The author extends this principle to personal service industries, where traditionally, payment is for time. 

He illustrates the limitations of this model with a humorous scenario involving a massage therapist overwhelmed by a high volume of clients. 

This example highlights the need for duplication or leveraging oneself to escape the constraints of time-based earning.

Addressing the reluctance to shift from a steady paycheck to performance-based pay, Eker recognizes that this fear often stems from deep-rooted conditioning. 

He advocates breaking out of this cycle and exploring opportunities to earn based on results, whether through entrepreneurship or renegotiating work terms.

Eker’s advice aligns with entrepreneurial pursuits, highlighting the financial and tax benefits of owning a business. 

He notes that most millionaires achieved their wealth through business ownership and emphasizes the advantages of having control over one's income potential.

In conclusion, Wealth File #11 from Eker’s teachings is about shifting the focus from being paid for time to being compensated for results. 

This file challenges the reader to reassess their earning methods, encouraging a move towards performance-based income that aligns with the creation of wealth. 

Eker's message is clear: to increase your financial potential, you must be willing to align your earnings with your results, not just your time.

In other words, choose to get paid based on results so you can build yourself and create wealth, not based on the limited amount of hours you spend toiling on behalf of someone else.

Positive Feedback from the Public

Reviewed from the public perspective, here's what is said in praise of this Wealth File:

Meritocracy in Action: 

A large section of the audience appreciates the principle for championing meritocracy. 

They see it as a way to ensure that hard work, innovation, and results are aptly rewarded.

Encourages Accountability: 

Many laud the principle for fostering a sense of accountability. 

When one's earnings are tied to outcomes, there's a heightened responsibility to deliver.

Potential for Greater Earnings: 

Some individuals resonate with the idea because it offers the possibility of limitless earnings, unlike fixed salaries that cap income.

Areas of Contention from the Public

Reviewed from the public perspective, here's what is said in criticism of this Wealth File:

Feasibility across Professions: 

Critics argue that not all professions or roles can adopt a results-based compensation model. 

For instance, educators, healthcare workers, or artists may find it challenging to quantify their impact strictly in results.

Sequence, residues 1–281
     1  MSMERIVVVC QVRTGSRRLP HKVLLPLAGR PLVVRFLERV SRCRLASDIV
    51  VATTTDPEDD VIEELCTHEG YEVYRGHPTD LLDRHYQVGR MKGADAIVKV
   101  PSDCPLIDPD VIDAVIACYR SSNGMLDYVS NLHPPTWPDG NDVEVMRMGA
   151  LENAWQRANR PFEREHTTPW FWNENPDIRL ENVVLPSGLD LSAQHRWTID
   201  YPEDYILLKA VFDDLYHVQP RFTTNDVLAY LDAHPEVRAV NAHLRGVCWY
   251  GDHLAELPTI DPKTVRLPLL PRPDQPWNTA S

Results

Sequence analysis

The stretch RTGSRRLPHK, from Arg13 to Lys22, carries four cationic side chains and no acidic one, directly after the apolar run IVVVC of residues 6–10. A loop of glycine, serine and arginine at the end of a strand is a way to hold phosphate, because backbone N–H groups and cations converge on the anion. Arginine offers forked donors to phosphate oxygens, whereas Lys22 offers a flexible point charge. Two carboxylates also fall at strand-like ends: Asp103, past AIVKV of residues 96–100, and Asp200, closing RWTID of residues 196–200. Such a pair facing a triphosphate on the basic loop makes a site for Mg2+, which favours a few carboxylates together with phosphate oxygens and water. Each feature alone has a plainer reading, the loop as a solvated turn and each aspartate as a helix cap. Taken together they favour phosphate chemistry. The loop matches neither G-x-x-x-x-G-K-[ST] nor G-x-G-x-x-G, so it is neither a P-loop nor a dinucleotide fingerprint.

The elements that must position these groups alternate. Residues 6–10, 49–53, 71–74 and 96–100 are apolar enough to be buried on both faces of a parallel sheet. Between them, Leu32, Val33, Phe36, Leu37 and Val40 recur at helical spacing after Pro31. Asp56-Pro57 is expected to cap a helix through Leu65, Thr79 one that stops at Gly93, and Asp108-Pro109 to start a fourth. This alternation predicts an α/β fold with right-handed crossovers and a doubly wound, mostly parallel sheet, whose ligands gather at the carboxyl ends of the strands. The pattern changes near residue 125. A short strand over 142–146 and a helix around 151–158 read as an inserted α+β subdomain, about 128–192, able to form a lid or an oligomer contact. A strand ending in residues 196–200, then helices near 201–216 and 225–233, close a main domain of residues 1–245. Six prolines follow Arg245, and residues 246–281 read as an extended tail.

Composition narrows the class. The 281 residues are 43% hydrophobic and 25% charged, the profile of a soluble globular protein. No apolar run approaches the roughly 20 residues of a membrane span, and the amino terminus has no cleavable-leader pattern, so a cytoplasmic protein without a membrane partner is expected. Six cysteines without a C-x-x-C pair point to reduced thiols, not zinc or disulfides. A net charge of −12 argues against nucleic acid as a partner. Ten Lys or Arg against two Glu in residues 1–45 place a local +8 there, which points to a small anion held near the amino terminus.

Risk of Short-term Focus: 

There's a concern that such a model might encourage short-term gains at the expense of long-term sustainability or ethics, especially if results are narrowly defined.

Stress and Uncertainty: 

The unpredictability of income in a results-based model can lead to increased stress and financial instability for some, detracting from its appeal.

Nuanced Feedback from the Public

Reviewed from the public perspective, here's what is said in subtle consideration of this Wealth File:

Defining "Results": 

Public discourse often revolves around how 'results' are defined and quantified. 

There's a call to ensure that results encompass holistic success markers, not just monetary gains.

Balancing Stability with Incentive: 

Some suggest a hybrid compensation model where there's a base pay for stability, complemented by performance incentives, offering both security and motivation.

Influence of External Factors: 

A nuanced view is that while results are crucial, external factors, often beyond one's control, can impact outcomes. 

There's a sentiment that these factors should be acknowledged in such a compensation model.

Conclusion from the Public

Eker's Wealth File #11 introduces a provocative stance on compensation, urging individuals to embrace a results-driven model. 

While the principle finds favor among those who champion meritocracy and accountability, it also sparks debates on its applicability across professions and the potential risks involved. 

The conversation underscores a need for a broader definition of 'results' and a balanced approach that melds the spirit of this principle with the diverse realities of the working world.

Source: Secrets of the Millionaire Mind T. Harv Eker © 2003

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Frequently Asked Questions About Why We Choose to Get Paid Based on Results

Has your Mind ever wondered...

What is do only what you get paid for syndrome?

Considering that key performance indicators are a potentially good measure of productivity and execution of agreed duties as well as customer requirements, even when managed by adequate leadership, some employees use it as a weapon to do the bare minimum and it is also often used by poor leadership as a stick to beat overwhelmed workers with.

In the purest context of one individual offering value to another though, choosing to get paid based on results is considered a fair trade of value and resources.   

It is also a good indicator of how valuable your service or product really is.

How do you get paid doing what you love?

Put your passion and purpose to good (monetized) use by transferring skills, developing products, making services available and in essence, helping others solve problems with the knowledge and resources you have at your disposal.